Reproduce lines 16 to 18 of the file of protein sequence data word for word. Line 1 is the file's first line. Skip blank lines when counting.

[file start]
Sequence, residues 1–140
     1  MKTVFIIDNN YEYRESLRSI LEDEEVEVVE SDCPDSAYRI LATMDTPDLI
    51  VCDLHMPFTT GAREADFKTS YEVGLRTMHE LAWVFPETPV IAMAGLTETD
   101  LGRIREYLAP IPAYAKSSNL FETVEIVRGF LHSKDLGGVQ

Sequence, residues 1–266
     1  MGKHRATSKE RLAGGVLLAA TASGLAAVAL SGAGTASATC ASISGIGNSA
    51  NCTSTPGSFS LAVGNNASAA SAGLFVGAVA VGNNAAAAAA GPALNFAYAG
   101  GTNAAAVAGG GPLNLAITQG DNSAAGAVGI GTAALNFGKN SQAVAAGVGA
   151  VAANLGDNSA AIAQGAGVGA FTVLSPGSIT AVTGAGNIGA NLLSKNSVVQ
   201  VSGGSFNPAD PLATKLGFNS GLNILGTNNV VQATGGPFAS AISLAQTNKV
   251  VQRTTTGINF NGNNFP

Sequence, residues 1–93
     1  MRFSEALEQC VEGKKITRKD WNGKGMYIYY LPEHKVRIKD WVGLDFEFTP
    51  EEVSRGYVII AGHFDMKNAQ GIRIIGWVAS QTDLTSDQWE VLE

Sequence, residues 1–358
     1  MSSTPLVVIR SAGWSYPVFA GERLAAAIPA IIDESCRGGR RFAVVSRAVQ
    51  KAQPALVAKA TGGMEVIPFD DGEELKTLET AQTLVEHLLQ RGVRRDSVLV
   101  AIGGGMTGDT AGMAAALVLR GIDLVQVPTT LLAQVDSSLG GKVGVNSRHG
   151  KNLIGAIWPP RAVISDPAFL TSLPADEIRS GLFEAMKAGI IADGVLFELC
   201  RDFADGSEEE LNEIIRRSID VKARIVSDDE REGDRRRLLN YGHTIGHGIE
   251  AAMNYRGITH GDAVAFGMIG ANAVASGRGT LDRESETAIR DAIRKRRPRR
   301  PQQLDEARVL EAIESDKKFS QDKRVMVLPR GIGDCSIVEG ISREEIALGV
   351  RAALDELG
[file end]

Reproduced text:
     1  MSSTPLVVIR SAGWSYPVFA GERLAAAIPA IIDESCRGGR RFAVVSRAVQ
    51  KAQPALVAKA TGGMEVIPFD DGEELKTLET AQTLVEHLLQ RGVRRDSVLV
   101  AIGGGMTGDT AGMAAALVLR GIDLVQVPTT LLAQVDSSLG GKVGVNSRHG